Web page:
Chennai, Dec 13 (IANS) The Tamil Nadu government said on Sunday that it can’t be blamed for the massive flooding of Chennai following the heaviest rains in a century.
Chief Secretary K. Gnanadesikan denied that official indecision or mismanagement vis-a-vis the release of water from the Chembarambakkam lake into the Adyar river caused the all-round destruction.
He said in a statement that the floods were caused primarily due to the very high rainfall in November, which was followed by more rains in Chennai, Kanchipuram and Tiruvallur districts on December 1.
Media reports have said flooding of the Adyar that killed many and destroyed livelihood and assets of millions of people was due to improper management of water releases from the Chembarambakkam lake.
Gnanadesikan said the India Meteorological Department (IMD) on November 30 and December 1 had issued advisories of isolated heavy rainfall and not 50 cm rainfall as reported by some media groups.
He said that in meteorological terminology, ‘isolated’ means only in one or two places, heavy rainfall is between 6.4 cm to 12.4 cm while very heavy rain stands for 12.4 cm to 24.4 cm of rainfall.
He dismissed as “malicious” and “canards” allegations that engineers at the lake waited for instructions from the principal secretary of the Public Works Department and the chief secretary and the imputation that the officers were waiting to be ordered by Chief Minister J. Jayalalithaa.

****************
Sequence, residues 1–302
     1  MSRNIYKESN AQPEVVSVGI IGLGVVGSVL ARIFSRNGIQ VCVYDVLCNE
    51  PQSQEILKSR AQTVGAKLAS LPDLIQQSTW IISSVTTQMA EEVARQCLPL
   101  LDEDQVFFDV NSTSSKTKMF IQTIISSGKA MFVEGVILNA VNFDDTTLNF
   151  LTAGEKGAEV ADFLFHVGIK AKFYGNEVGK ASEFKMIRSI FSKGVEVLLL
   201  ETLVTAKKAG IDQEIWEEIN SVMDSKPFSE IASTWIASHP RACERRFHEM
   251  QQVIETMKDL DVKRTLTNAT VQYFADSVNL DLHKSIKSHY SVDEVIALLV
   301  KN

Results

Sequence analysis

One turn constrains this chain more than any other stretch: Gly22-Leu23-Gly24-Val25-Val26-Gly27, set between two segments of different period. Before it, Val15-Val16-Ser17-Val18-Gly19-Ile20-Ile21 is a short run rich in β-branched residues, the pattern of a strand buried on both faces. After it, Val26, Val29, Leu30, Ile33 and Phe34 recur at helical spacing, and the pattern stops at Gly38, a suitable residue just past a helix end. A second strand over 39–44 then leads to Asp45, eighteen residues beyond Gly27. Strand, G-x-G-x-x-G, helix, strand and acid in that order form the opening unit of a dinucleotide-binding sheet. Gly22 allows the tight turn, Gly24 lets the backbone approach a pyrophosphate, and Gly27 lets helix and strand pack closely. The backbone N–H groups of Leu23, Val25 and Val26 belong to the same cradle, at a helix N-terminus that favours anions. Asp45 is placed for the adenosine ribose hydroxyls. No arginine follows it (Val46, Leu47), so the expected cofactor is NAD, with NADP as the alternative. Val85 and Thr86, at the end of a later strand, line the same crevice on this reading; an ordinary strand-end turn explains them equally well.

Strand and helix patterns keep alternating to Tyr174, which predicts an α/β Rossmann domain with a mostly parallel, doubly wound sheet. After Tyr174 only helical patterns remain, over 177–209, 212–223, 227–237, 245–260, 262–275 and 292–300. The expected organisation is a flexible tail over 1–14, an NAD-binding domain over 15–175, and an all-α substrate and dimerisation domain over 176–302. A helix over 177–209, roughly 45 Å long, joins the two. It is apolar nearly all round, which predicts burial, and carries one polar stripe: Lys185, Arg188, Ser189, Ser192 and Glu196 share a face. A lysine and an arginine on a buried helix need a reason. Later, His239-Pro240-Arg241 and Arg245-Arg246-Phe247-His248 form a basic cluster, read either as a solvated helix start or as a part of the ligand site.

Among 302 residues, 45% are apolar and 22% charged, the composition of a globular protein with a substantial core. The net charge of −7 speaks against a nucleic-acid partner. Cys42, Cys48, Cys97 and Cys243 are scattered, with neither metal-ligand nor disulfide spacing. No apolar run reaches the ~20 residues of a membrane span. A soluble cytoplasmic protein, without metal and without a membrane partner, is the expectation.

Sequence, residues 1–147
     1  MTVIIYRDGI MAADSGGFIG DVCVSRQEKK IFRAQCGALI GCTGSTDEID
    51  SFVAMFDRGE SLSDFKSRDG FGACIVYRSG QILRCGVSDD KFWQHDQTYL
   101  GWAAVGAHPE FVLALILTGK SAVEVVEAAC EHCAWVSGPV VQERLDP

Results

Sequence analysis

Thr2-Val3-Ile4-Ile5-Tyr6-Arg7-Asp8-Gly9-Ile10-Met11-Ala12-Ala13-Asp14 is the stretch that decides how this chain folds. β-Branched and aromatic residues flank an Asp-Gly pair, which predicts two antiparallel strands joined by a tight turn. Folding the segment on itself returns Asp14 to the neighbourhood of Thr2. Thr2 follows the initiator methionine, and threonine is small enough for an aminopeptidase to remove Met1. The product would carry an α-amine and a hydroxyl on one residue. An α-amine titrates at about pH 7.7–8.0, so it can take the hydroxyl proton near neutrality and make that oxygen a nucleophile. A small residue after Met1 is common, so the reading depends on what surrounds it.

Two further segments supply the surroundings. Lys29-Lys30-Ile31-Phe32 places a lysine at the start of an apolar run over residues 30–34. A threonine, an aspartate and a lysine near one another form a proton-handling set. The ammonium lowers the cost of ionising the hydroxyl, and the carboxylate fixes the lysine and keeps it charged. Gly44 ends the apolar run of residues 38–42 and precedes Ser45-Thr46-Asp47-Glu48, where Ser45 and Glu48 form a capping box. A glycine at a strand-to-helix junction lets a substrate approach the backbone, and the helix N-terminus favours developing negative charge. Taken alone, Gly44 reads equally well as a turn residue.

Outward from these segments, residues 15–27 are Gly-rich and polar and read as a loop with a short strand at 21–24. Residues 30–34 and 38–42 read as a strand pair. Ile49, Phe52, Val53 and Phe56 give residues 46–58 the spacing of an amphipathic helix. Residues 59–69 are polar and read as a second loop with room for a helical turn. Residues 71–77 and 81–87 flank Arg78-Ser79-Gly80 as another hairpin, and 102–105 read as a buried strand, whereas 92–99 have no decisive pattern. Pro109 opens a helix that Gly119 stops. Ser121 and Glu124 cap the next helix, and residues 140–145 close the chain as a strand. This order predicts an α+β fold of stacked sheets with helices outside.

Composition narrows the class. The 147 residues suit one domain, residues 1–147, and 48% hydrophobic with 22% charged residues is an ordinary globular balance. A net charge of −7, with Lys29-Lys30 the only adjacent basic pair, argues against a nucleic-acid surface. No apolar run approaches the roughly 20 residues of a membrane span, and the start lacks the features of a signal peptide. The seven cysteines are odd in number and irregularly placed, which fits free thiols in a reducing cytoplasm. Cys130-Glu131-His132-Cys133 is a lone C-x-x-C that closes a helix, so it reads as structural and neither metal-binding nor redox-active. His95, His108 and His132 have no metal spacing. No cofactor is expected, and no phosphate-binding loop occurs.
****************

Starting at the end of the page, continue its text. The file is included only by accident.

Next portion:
According to Gnanadesikan, the level of water reservoirs required to be maintained at two feet below full tank level while monsoon is still active.
He said the rules balance the interests of water storage for the scarcity period, the need to control flooding in downstream areas and the safety of the reservoir.
Gnanadesikan said adequate flood warnings were issued to people living in low lying areas on December 1, and over 47,300 people were evacuated.
He said many tanks were breached due to heavy rains and the water flowed into the Adyar river which flows through Chennai.
“The flow in Adyar reached its full capacity due to the surplus from Chembarambakkam tank, the inflow from the catchment areas of Adyar within Chennai and the surplus received from the other tanks,” he said.
“In view of the heavy flow in the Adyar, the high intensity runoff of local rainfall in Chennai and adjoining urban areas could not fully drain into the Adyar and hence contributed to the inundation of the city.”
The Tamil Nadu floods have killed nearly 350 people in four districts including Chennai and caused widespread destruction.